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世界第一个鼠标发明者  

2013-08-13 21:28:42|  分类: 人物志 |  标签: |举报 |字号 订阅

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世界第一个鼠标发明者                                                  消息来源:Forbes福布斯     

世界第一个鼠标的发明者道格。恩格尔巴特Doug Engelbart 鼠标之父father of the computer mouse (1925年1月30日 –  2013年7月2日)。他发明的第一个鼠标由木质外壳和金属滚轮制成,由此改变了世界人类工作、娱乐、交流的方式。


道格为人温文尔雅,脑子里充满了大胆的想法。1968年,苹果帝国缔造者乔布斯尚未成名,道格便已经在旧金山的一个电脑会议上崭露头角。他从万尼瓦尔·布什的文章As We May Think中,获得了启发。战后的1948年,他从俄勒冈州立大学(那时是俄勒冈州学院)获得了电子工程的学士学位;1952年,在伯克利加州大学获得工程学士学位;1955年,获得伯克利加州大学电子工程与计算机科学(EECS)的哲学博士学位。在俄勒冈州期间,恩格尔巴特是Sigma Phi Epsilon兄弟会的成员。

在伯克利的时候,他作为学生参与了CALDIC的构建。恩格尔巴特花了一年多时间来筹建Digital Techniques公司,试图将博士生时存储设备的研究,进行商业化,尽管没有成功,后来他和Hewitt Crane合作,在斯坦福研究院,致力于磁性逻辑设备的研究,后来这个机构总部搬到了门洛帕克,但仍是斯坦福大学的成员。

道格将自己的住所改造称一个现代的办公室,采用自己实验室精心研发的在线系统向网友公布他的想法,而他的员工则在实验室同步参与。这就是第一个公开展示的远程电子会议。

道格的另一个重要贡献就是“多窗口”,它推动了计算机的发展。其实验室帮助了ARPANet的开发,这是一个政府研究网络,它孕育了互联网。 2013/7/4

世界第一个鼠标发明者去世享年88岁 - allen同学 - 割舍不掉的情意结...世界第一个鼠标发明者去世享年88岁 - allen同学 - 割舍不掉的情意结... 世界第一个鼠标发明者去世享年88岁 - allen同学 - 割舍不掉的情意结... 
Why So Many People Are Mourning The Passing Of Doug Engelbart        Forbes      7/04/2013

Much of the latest generation of tech startups, and probably two generations before that, must wonder what’s with all the eloquent eulogies about Doug Engelbart, who died July 2 at age 88. He’s often called the father of the computer mouse, but he introduced the world to so much more that it’s hard to believe the innovations came from the mind of one man (thought it must be said, since he was a seminal proponent of computer-driven collaboration, that many colleagues added their own thinking and engineering to his vision).

Technologies that we still use today–videoconferencing, bitmapped displays, screen windowing, real-time text editing, hypertext that prefigured the World Wide Web, and, of course, the mouse–all were shown at what’s known as “the mother of all demos” at a computer conference in San Francisco in 1968. Steve Jobs, whose Apple AAPL +0.56% Computer would refine and popularize many, but not all, of these technologies, was still a 13-year-old student at Cupertino Junior High.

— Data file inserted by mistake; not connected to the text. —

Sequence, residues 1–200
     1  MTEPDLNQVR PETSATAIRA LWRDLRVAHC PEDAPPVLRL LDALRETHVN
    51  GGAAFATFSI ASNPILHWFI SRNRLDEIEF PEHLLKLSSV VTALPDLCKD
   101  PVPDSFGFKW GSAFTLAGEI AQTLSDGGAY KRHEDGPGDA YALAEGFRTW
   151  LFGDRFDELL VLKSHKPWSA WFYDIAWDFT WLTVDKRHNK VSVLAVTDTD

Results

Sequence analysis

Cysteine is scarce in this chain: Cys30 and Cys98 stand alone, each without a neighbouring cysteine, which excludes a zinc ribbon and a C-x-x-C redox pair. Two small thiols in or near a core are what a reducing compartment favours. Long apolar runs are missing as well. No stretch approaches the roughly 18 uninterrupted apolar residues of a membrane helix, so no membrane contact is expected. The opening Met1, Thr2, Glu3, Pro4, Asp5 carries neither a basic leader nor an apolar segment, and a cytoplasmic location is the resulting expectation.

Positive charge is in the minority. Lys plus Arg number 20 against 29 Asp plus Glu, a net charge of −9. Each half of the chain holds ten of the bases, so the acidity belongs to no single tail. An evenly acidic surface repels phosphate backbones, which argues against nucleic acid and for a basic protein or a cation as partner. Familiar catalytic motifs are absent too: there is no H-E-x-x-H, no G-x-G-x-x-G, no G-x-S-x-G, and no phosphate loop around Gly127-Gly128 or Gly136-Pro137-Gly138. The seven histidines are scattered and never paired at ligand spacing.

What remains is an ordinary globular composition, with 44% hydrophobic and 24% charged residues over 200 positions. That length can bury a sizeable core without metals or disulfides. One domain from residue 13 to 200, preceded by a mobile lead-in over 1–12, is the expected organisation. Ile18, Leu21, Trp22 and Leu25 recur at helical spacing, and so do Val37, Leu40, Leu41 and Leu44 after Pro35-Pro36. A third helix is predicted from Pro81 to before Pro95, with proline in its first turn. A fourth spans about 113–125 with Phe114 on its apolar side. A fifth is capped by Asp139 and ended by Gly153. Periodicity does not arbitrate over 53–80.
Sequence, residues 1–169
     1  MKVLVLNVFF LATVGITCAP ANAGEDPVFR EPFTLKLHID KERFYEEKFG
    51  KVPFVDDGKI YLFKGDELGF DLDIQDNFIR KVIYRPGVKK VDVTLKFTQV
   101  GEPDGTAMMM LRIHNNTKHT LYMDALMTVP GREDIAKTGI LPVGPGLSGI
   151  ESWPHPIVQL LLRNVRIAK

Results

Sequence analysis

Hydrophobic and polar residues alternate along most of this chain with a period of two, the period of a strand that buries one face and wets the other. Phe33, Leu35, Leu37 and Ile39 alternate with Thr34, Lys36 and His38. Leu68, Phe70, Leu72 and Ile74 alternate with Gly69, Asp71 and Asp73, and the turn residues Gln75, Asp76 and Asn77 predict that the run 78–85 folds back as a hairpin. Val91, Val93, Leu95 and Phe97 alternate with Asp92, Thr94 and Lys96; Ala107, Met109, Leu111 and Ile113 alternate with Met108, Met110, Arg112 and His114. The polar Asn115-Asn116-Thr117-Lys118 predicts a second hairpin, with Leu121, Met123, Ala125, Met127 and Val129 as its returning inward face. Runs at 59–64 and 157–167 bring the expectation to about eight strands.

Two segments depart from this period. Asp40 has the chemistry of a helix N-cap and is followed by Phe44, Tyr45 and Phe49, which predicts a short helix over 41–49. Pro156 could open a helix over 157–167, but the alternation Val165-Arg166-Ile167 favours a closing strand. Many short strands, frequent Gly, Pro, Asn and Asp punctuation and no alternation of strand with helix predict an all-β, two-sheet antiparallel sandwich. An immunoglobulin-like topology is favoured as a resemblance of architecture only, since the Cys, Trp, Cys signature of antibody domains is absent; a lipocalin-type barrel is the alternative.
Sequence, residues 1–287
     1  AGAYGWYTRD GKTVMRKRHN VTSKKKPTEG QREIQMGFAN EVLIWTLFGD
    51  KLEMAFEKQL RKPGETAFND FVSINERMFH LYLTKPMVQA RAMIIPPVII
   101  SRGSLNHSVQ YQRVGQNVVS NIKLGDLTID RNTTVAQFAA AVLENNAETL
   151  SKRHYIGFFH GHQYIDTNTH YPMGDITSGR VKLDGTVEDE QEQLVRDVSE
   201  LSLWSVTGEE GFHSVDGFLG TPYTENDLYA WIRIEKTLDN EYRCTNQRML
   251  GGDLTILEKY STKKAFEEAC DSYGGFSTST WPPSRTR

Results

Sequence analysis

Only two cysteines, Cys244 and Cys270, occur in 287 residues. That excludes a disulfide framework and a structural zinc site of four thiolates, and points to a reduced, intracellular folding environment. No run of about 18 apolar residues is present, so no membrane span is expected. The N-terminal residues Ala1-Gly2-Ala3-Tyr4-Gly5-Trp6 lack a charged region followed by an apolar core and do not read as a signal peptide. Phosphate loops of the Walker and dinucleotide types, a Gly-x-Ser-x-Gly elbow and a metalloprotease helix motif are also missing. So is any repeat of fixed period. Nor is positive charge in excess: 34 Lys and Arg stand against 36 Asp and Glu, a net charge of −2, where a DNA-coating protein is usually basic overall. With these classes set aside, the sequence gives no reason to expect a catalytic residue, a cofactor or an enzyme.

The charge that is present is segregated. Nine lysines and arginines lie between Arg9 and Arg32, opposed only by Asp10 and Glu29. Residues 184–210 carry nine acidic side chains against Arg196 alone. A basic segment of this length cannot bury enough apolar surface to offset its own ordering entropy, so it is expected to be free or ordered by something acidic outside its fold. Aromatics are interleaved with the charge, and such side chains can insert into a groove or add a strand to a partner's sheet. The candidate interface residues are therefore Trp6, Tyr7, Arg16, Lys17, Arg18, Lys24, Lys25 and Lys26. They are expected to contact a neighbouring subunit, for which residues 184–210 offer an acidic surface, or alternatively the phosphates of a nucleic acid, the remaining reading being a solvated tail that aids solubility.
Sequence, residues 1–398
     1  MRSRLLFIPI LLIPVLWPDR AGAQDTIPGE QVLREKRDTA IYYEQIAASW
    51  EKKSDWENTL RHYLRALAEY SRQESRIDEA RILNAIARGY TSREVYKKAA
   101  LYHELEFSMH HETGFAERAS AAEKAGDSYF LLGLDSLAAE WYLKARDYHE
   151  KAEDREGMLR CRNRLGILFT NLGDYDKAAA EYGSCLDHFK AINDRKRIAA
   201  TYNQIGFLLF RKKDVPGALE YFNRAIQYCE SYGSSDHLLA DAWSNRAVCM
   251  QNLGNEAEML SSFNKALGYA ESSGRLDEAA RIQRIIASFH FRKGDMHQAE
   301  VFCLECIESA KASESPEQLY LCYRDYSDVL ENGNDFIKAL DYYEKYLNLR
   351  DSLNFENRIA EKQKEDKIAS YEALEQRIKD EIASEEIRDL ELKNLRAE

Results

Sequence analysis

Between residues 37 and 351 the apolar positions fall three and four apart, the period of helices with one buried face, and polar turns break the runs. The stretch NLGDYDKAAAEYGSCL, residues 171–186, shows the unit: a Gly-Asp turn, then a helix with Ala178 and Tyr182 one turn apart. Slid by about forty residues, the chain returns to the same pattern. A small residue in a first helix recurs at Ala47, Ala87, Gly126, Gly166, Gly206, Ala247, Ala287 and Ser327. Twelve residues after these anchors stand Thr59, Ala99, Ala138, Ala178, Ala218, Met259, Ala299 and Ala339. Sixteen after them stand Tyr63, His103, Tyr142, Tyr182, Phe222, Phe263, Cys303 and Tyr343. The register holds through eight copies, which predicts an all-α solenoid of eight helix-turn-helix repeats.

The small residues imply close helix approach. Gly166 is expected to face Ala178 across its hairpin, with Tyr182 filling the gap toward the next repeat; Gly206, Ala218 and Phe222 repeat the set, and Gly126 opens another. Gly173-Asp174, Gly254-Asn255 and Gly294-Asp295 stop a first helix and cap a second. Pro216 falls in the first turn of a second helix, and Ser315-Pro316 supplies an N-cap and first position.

I was fortunate enough to cross Engelbart’s path at least a couple of times, most recently at an event at Stanford University in late 2008 commemorating the 40th anniversary of that demo. The 1968 video of the demo still gives me tingles for the amazing breadth of technologies he and his colleagues marshaled at a time when computing was still done with punch cards fed into room-sized computers. If you haven’t seen it already, spend a piece of your holiday weekend checking it out.

But I was also blessed to have had a chance to interview him in person in 2003 for a story I wrote about my search for the next big thing in technology. I drove across the Dumbarton Bridge in the southern San Francisco Bay to Logitech, the maker of computer mice and other peripherals that provided him with an office. He seemed a little out of place at a company bustling with people a third his age.

Speaking softly but still with an urgent energy, Engelbart was generous with his time. As he sketched his latest thinking on his longtime quest to augment intelligence and speed up innovation of all kinds, I was alternately entranced and a little confused. I simply couldn’t get my arms around his “bootstrapping” vision of how to turbocharge innovation and raise our collective intelligence. I could tell he was a little frustrated not only with my struggles to understand, but also with what he viewed as the limited scope of innovation in latter-day Silicon Valley that he felt would benefit greatly from his ideas.

At some point, he sensed that my attention was flagging from the cognitive overload and decided to wind down the interview, though he offered with his unfailing politeness to follow up with me later as I continued my quest. I still regret not managing to get his thoughts into the story.

Unfortunately, I wasn’t the only one who couldn’t quite grok the fullness of his vision, and he never got much support to turn it into something with widespread practicality. As a close friend of his, futurist Paul Saffo, told me after I interviewed Engelbart and confessed I didn’t quite get what he was saying, it’s a curse to be 50 years ahead of your time. Whether that’s tragic, as Tom Foremski believes, I’m not sure. Engelbart certainly got the credit he deserved, at least later in his life, if not the riches that so many people who piggybacked on his ideas did.

We need more people like Engelbart who can stretch their minds beyond the here and now, who are brave enough to keep pushing even when they’re not understood. The upside of his overreaching is that perhaps we’ve still only scratched the surface of what Engelbart envisioned. I won’t be surprised if decades after his death, innovations that leverage his thinking will be continuing to transform the world.

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